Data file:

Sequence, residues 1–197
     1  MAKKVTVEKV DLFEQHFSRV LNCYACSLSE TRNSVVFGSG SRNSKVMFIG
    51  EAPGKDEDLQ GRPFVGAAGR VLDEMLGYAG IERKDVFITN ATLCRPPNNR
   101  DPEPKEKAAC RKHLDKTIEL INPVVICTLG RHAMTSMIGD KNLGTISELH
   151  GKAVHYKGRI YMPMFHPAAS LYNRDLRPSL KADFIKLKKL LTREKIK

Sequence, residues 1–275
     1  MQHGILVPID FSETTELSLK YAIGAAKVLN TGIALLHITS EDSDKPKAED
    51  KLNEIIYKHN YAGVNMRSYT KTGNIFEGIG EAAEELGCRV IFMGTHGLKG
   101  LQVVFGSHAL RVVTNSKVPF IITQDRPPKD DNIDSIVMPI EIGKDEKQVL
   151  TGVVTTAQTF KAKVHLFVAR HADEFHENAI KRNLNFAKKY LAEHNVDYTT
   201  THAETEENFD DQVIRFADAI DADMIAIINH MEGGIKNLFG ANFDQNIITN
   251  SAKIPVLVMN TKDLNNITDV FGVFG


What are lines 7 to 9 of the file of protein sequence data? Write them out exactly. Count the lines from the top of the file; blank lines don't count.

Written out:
     1  MQHGILVPID FSETTELSLK YAIGAAKVLN TGIALLHITS EDSDKPKAED
    51  KLNEIIYKHN YAGVNMRSYT KTGNIFEGIG EAAEELGCRV IFMGTHGLKG
   101  LQVVFGSHAL RVVTNSKVPF IITQDRPPKD DNIDSIVMPI EIGKDEKQVL